I think Intel should just lift the 1 GB limit completely. 1 GB may work fairly well, but the Atom processor needs all the help it can get from the rest of the system. I personally don't see netbooks aging well, and the RAM limit does nothing but push them further behind.

Timonius Timonius said:

I'm betting a nice light linux distro would run pretty sweet on these netbooks. Here's a chance for linux to shine and make these netbooks even cheaper (no OS costs factored in).

SNGX1275 SNGX1275, TS Forces Special, said:

I would like to see a lot more Via Nano based netbooks.

freedomthinker said:

In my opinion this is good , this could really boost sales and productivity of netbooks . I was seriously waiting for this to happen and since the new OS Windows 7 is out this is good news !

NightAngel79 said:

For me to take netbooks seriously running 7 they have to lift ram limit. 1 gig may run xp pretty good but i think that 7 will require more ram to run smooth.

waterytowers said:

I don't think they are bowing to consumer demand, if they wanted to do that they would have done that a long time ago. Intel wants to keep their new netbook market, and milk it for everything its worth by slowly upgrading their systems by adding new features that were previously only available for full fledged laptops.

Microsoft wanted to be in the netbook market so it left WinXP, after all they were not selling any copies of vista except via the Microsoft tax for every computer sold. Vista would never be capable of running on a netbook and it was unanimous that Vista sucked. Now Vista2 has been released I think you will see the spec of netbooks raised so that Microsoft can run Win7, still not quite capable of running on a netbook, at least not the old lower spec netbooks.

Doesn't anyone think it is a bit dubious that Intel slightly raises the bar for netbooks shortly after the release of Win7?

By the way I am not complaining, it is about time that netbooks had a slightly bigger brother. I have wanted more pixels, more ram and a gigabit network port since netbooks first showed up. WVGA is too small for browsing the web, unless you only visit sites for mobile phones. and what is it about 10/100Mbit network ports still being put into any device that has a processor that can support gigabit speeds. The only answer can be that they have a really large stockpile of 10/100Mbit NICs in their warehouse. Maybe they could add 10 of these to a netbook and we could trunk them onto the network, then I would need a 10 port switch as well but maybe I could get gigabit speeds.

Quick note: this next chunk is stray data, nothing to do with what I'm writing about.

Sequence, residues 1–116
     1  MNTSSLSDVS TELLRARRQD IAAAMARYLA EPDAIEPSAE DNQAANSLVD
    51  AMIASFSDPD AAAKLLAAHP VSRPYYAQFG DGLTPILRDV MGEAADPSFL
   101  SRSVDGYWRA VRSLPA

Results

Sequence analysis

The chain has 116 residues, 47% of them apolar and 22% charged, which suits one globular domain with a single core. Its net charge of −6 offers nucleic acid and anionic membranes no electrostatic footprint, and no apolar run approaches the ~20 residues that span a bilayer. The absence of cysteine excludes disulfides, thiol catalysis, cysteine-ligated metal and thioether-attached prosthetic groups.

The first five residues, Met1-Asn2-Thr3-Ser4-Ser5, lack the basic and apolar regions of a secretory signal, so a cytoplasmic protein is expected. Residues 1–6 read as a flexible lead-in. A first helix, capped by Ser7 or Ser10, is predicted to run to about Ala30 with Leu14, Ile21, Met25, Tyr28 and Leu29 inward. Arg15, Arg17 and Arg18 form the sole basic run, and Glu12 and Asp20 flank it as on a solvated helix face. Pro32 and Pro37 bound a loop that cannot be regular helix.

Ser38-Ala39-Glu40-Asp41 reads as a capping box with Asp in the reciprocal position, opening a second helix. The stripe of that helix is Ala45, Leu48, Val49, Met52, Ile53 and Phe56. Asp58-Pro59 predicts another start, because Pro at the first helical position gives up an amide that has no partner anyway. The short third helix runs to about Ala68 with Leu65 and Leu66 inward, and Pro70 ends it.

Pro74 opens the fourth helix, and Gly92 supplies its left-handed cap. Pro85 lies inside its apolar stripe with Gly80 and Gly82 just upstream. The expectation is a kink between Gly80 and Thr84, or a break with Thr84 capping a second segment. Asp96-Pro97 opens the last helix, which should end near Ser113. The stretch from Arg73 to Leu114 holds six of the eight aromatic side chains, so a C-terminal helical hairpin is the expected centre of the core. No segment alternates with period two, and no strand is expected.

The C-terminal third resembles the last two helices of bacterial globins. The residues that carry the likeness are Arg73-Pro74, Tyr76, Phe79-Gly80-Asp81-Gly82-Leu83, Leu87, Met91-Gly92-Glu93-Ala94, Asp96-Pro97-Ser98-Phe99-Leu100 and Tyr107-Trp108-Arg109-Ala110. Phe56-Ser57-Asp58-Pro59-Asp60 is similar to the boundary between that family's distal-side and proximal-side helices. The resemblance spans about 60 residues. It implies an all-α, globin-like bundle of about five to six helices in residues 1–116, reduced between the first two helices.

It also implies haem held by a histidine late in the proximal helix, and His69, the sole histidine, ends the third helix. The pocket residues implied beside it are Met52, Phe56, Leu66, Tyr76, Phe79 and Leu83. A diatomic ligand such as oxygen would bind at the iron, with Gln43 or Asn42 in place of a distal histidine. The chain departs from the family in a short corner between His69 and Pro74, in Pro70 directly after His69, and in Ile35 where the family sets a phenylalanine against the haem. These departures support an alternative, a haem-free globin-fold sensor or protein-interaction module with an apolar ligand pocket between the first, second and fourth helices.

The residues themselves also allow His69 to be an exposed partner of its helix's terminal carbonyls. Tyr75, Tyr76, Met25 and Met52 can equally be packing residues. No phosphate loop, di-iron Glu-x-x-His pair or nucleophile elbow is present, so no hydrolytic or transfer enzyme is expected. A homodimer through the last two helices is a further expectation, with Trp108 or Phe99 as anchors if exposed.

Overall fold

jrronimo said:

@waterytowers: I don't think it's dubious at all -- I've got Win7 running on a Dell Mini 9 and it runs great as-is. If netbooks had been around for Vista more, then it might be more dubious, heh.

I like netbooks a lot in terms of performance and cost, but I completely agree with the comment that they're all just the same hardware with different shells these days, and that's kind of annoying. I'm excited about Ion machines a bit and am getting kind of glad that I never jumped on the original EEE like I wanted to.

SNGX1275 SNGX1275, TS Forces Special, said:

The screen resolution is what keeps me from getting a netbook. If you can put a 1920x1600 display in a 15" notebook surely they can put a 1440x920 in a 10".

Zeromus said:

No because, the pixel to inch ratio for a 1920 pixel screen on 15 inches is 128px/in where as on a 1440 is obviously higher at 144px/in. But i still agree that that doesn't mean such a moderate difference couldn't cripple the development process in creating high ratio screens.

Guest said:

My Asus n10j-a2 has an Atom 270 with 2GB ram and 320GB hdd. What a joke.

SNGX1275 SNGX1275, TS Forces Special, said:

No because, the pixel to inch ratio for a 1920 pixel screen on 15 inches is 128px/in where as on a 1440 is obviously higher at 144px/in. But i still agree that that doesn't mean such a moderate difference couldn't cripple the development process in creating high ratio screens.

1.8" iPod Nano screens are 320x240 or something like that. Perhaps my direct analogy was poorly choosen, but the point was the screens could be a lot better than 1024x600 or 572.

thunder5632 said:

Wow, good to know ! Also waiting for the 2 G.B update

akhpp835 said:

What is the max memory supported by the current N270? Is there a limitation on the max SSD hard drive size as well?

JieMan JieMan said:

The gray area of what makes a laptop and a nettop is getting bigger.

Cant wait as these newer nettops might drop costs or eventually take the place of low end notebooks.